Why was Michael Carrick so under-appreciated throughout his career?

Why was Michael Carrick so under-appreciated throughout his career?

Since the turn of the century, Manchester United have been one of the defining factors in the Premier League, expanding horizons with unprecedented levels of success. But just as success came to them, so too did their decline.

Sir Alex Ferguson’s retirement plunged the club into an unknown world of uncertainty. David Moyes drowned rapidly in his own quicksand, while Louis van Gaal provided entertainment off the pitch and tepidity on it. But as José Mourinho tries to re-ignite the fire with limited success, there is one man who has seen it all. Michael Carrick has seen the ebb and flow of England’s premier club like few others, and his retirement pushes United further away from the halcyon days under Ferguson.

England boasted many world-class midfielders in the 2000s, sparking debate amongst fans as to who the best was. Steven Gerrard was an exceptional, match-winning all-rounder in his own right, Frank Lampard possessed a goalscoring record comparable to the very best strikers, while Paul Scholes was the third wheel, with technical prowess often only appreciated after his peak. Amongst the trio, there was little place for a fourth midfielder.

Carrick has always been the under-appreciated deep-lying midfielder. He was unlike his compatriots; his skill-set was subtler, less match-winning and more match defining. Holding midfielders are rarely given their due, especially when there are others with more obvious attacking skills. Carrick was no chest-thumping captain, but a quiet, thoughtful leader. It is why his absence will hit Manchester United dearly.

It was perhaps surprising that Ferguson sought out Carrick to replace Roy Keane, the strong, powerful and dominant heart of Old Trafford. Keane was an outspoken leader in the centre of park, leaving behind shoes as tough as any to fill.

Carrick couldn’t have been more different: he was calm, composed and measured, the prime qualities for a modern holding midfielder. Football loves its characters, but Carrick wasn’t one. He was the ballast that allowed expansive players to play the game. It may be for that reason why the Englishman divides opinion even to this day. Some find him underrated, some the opposite, but Carrick has only ever just done his job and left. The fact that he’s transcended footballing borders within England isn’t really a concern.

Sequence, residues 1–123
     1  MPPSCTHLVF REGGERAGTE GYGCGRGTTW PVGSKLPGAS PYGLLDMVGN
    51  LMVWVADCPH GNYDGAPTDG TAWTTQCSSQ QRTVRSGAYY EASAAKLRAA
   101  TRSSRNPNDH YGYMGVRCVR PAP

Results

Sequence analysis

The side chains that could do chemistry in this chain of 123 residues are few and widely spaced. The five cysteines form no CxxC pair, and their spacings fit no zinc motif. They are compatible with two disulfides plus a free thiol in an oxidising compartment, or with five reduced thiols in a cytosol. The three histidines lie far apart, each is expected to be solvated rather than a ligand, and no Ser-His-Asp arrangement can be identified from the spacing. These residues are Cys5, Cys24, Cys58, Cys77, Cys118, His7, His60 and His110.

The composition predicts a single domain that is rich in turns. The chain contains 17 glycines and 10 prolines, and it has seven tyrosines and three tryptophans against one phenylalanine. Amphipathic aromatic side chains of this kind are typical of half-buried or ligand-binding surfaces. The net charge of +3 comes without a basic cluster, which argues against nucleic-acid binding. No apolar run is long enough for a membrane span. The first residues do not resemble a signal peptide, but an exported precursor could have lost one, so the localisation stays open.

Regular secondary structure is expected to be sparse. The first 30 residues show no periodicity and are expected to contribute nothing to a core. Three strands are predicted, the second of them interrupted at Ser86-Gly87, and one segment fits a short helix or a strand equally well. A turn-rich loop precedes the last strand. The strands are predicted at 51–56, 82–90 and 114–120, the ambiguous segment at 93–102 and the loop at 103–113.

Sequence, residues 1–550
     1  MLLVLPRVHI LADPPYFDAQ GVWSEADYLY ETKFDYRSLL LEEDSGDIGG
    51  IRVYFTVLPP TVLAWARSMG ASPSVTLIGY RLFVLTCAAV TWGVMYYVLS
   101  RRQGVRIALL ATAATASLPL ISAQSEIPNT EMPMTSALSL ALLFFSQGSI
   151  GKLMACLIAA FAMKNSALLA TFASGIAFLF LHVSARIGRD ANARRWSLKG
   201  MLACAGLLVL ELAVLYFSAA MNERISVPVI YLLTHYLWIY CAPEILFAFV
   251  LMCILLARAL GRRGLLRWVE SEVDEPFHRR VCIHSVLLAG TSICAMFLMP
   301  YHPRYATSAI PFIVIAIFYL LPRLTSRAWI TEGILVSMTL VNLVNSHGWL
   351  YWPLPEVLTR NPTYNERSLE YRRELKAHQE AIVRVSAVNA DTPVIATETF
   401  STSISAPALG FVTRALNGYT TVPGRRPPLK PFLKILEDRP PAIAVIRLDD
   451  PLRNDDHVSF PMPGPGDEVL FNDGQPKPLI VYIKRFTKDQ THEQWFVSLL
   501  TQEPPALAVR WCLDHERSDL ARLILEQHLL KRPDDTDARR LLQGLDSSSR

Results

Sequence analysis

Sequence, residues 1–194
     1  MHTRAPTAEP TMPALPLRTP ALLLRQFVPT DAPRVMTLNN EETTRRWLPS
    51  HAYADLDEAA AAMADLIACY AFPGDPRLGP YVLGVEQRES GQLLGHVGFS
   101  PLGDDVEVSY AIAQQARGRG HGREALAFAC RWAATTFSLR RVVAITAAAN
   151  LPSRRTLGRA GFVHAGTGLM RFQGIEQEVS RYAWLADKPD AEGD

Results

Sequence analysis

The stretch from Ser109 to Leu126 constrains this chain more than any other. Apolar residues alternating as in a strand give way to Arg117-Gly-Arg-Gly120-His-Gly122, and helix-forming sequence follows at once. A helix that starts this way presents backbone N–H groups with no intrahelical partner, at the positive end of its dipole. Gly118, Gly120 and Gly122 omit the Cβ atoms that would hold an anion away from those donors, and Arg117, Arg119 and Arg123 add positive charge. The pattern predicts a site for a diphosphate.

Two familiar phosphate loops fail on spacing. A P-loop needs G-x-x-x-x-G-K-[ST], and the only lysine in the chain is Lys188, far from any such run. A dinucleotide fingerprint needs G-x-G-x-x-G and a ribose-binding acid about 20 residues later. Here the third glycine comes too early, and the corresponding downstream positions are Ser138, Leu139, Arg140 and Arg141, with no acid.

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Carrick was born in Wallsend, North Tyneside, growing up as a Newcastle United fan. Considering the city’s passion for the club, it’s little wonder he ended up as such a lover of all things football. He started off playing for Wallsend Boys Club at the age of four, where there were always games going on for all ages.

While he may have wanted to turn out for his hometown club, he declined their offer of a spot in the academy, instead preferring to head to the renowned West Ham academy. It represented a challenge for Carrick both on and off the pitch, with a vastly different life in London accompanying the difficulty that would come with having to displace some stellar talent in the West Ham midfield.

At Upton Park, he made the switch from centre-forward to central midfield, a role that would eventually define him. While he encountered problems due to his slender frame, a debut in 1999/2000 was followed by loan spells at Swindon and Birmingham.

His more meaningful breakthrough came in 2000/01, when he made 41 appearances in all competitions. It was the first of four seasons in the first team, with his last coming in the First Division after they were relegated in 2003. While frustrated with his peers, he maintained his consistency even as West Ham lost in the playoff final in 2003/04, making the Team of the Season.

A failure to return to the Premier League meant Carrick wanted to leave West Ham for a top tier side, remaining in London with Tottenham Hotspur. Two seasons at Spurs saw Carrick maintain his consistency in the top-flight – even if it was also the start of his dividing of opinion across the nation –  catching the attention of Sir Alex Ferguson.

Moving in the summer of 2006 for £14m, he was the sixth most expensive player for the club at the time. Carrick, however, wasn’t overawed. More significantly, he helped to steer United out of a crisis.

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In the summer that he arrived, the club was in a stupor even as rivals around them strengthened. They had failed to win the last three Premier League title, while they endured struggles continentally, too. In addition to Keane’s departure, Ruud van Nistelrooy left for Real Madrid, his relationship with Ferguson soured beyond repair.

His successors to the goal-scoring mantle, Wayne Rooney and Cristiano Ronaldo, had their infamous altercation at the 2006 World Cup, leading to frayed tempers. There was a gaping hole in midfield too, one that couldn’t be solved immediately following Keane’s mid-season departure in November 2005. Ferguson viewed Carrick as the potential balm, even if others failed to see it at the time, his game differing from the Irishman and the other holding midfield monster of the Premier League at the time, Patrick Vieira.

While dominating with presence was one style, the other, more eminent in the public eye, was the box-to-box midfielder, epitomised as well as anyone in Europe by Gerrard and Lampard. Lampard was coincidentally from the West Ham academy too, and found Carrick to be more technically proficient than him – an irony considering Carrick was often found well below his former teammate in the England pecking order.

Sadly for him, Carrick was a decade ahead of his time. Claude Makélélé may have been the prime example of a defensive midfielder in England at the time, with the game shifting away from destroyers like Vieira and Keane, but the Englishman was no slouch when nipping in to make interceptions, even if he didn’t have the mobility of the Chelsea star. But when it came to passing football, few came close to his distribution from deep. Pep Guardiola saw it, even if fans across the country didn’t.